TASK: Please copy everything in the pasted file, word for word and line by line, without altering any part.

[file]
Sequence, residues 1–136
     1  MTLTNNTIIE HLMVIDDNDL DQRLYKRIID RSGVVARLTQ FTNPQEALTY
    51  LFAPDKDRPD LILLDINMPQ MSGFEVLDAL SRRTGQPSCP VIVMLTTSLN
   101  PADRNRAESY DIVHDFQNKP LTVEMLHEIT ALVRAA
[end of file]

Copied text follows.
Sequence, residues 1–136
     1  MTLTNNTIIE HLMVIDDNDL DQRLYKRIID RSGVVARLTQ FTNPQEALTY
    51  LFAPDKDRPD LILLDINMPQ MSGFEVLDAL SRRTGQPSCP VIVMLTTSLN
   101  PADRNRAESY DIVHDFQNKP LTVEMLHEIT ALVRAA